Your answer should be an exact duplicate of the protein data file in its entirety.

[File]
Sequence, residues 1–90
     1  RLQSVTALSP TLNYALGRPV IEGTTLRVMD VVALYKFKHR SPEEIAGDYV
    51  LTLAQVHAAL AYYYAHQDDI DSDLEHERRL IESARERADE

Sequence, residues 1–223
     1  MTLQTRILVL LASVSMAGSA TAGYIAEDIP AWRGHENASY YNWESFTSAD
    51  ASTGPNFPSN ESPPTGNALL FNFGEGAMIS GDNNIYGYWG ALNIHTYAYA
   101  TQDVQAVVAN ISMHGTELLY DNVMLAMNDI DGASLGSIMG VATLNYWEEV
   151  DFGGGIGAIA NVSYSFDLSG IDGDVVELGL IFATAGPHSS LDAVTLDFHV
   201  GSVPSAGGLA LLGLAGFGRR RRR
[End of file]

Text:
Sequence, residues 1–90
     1  RLQSVTALSP TLNYALGRPV IEGTTLRVMD VVALYKFKHR SPEEIAGDYV
    51  LTLAQVHAAL AYYYAHQDDI DSDLEHERRL IESARERADE

Sequence, residues 1–223
     1  MTLQTRILVL LASVSMAGSA TAGYIAEDIP AWRGHENASY YNWESFTSAD
    51  ASTGPNFPSN ESPPTGNALL FNFGEGAMIS GDNNIYGYWG ALNIHTYAYA
   101  TQDVQAVVAN ISMHGTELLY DNVMLAMNDI DGASLGSIMG VATLNYWEEV
   151  DFGGGIGAIA NVSYSFDLSG IDGDVVELGL IFATAGPHSS LDAVTLDFHV
   201  GSVPSAGGLA LLGLAGFGRR RRR